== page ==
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Between Noise and Song: The Contested Voice in Opera after Wagner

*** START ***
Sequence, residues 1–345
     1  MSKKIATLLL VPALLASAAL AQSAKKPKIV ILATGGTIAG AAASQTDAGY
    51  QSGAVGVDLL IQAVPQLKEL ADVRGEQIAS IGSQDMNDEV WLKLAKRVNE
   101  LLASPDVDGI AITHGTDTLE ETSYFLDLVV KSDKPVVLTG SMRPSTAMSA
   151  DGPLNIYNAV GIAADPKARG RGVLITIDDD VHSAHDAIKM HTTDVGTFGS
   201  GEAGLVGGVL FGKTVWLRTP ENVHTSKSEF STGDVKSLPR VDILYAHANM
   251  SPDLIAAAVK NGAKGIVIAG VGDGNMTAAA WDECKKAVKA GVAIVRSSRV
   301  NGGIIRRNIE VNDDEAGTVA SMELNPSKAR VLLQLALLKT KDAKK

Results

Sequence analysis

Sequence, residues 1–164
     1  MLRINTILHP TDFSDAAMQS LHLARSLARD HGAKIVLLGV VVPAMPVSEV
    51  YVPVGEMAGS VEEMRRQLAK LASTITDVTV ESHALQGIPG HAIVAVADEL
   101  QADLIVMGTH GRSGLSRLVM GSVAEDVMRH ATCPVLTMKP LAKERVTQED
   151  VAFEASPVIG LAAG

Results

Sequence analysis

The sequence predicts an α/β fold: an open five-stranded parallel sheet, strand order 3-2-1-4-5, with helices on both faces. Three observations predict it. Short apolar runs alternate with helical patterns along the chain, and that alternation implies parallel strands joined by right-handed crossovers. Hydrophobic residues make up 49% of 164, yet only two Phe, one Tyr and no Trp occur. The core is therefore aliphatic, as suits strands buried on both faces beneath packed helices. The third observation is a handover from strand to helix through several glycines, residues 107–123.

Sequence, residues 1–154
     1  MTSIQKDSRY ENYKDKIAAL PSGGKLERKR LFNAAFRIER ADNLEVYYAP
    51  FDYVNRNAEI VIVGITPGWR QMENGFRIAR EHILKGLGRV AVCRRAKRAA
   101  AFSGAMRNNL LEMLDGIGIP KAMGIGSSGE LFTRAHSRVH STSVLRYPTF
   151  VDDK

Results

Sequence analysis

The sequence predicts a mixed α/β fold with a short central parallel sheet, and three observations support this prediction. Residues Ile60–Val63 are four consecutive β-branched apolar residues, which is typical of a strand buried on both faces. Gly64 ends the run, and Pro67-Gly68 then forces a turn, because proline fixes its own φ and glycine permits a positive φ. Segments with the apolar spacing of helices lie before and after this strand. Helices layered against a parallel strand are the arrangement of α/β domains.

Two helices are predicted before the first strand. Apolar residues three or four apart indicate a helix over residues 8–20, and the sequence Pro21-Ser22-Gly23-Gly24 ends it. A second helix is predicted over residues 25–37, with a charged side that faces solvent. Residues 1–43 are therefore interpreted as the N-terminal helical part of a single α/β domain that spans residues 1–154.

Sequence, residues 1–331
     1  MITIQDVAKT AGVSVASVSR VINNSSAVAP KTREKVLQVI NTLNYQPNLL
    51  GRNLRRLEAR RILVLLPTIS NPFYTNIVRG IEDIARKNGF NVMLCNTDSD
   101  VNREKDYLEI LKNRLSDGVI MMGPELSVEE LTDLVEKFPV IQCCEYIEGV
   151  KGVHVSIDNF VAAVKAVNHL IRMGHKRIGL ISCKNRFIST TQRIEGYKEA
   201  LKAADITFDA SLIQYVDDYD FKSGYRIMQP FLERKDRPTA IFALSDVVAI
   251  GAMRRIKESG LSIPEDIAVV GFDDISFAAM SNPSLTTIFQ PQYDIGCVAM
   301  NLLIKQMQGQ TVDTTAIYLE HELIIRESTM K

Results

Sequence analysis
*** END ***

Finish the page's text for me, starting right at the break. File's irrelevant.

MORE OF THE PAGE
This project argues that changes to operatic vocal writing in the late nineteenth century prompted Austro-German operagoers to radically expand their understandings of vocal sound in the years around 1900. As post-Wagnerian composers granted greater melodic expression to the orchestra, and increasingly exploited non-melodic vocal effects such as groans and cries, fierce debates were launched about what and how opera’s voices ought to communicate. I track the fallout from these developments, drawing on an archive of journalistic music criticism, vocal treatises, and singer memoirs, as well as under-examined sources such as letters to newspapers, satire, poetry, and cartoons. Listeners looked far beyond the theater to interpret the shifting vocal terrain, enlisting operatic voices in such urgent fin-de-siècle projects as the fortification of human agency amidst industrial creep and the development of a middle-class resistance to elite aesthetics. By showing how they used operatic voices to comprehend and to construct the world around them—especially through emerging, abstract notions of “voice”—I not only provide new examples of the ways in which musical experiences can condition political thought, but reveal several new dimensions to the role of opera in sociopolitical change.

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